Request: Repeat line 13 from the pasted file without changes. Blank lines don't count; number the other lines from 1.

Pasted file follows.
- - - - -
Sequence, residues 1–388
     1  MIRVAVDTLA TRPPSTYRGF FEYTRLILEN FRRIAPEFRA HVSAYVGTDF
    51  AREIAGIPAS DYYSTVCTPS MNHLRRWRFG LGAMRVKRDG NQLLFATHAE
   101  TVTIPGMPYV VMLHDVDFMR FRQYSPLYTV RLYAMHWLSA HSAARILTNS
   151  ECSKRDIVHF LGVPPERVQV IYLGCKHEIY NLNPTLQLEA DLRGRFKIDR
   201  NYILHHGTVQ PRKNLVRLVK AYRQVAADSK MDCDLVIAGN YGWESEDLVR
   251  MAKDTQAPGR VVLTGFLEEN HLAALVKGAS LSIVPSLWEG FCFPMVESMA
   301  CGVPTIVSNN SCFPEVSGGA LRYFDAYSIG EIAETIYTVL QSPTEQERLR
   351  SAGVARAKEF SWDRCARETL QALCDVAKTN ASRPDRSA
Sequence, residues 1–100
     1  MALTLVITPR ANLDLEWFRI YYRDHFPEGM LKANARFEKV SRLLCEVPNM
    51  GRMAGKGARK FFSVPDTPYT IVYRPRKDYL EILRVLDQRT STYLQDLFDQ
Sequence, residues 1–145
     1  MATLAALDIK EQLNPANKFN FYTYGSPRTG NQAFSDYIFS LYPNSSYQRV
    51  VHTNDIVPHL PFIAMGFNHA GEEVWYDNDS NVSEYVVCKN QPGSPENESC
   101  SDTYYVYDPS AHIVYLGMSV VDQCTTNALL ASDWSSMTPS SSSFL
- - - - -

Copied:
Sequence, residues 1–145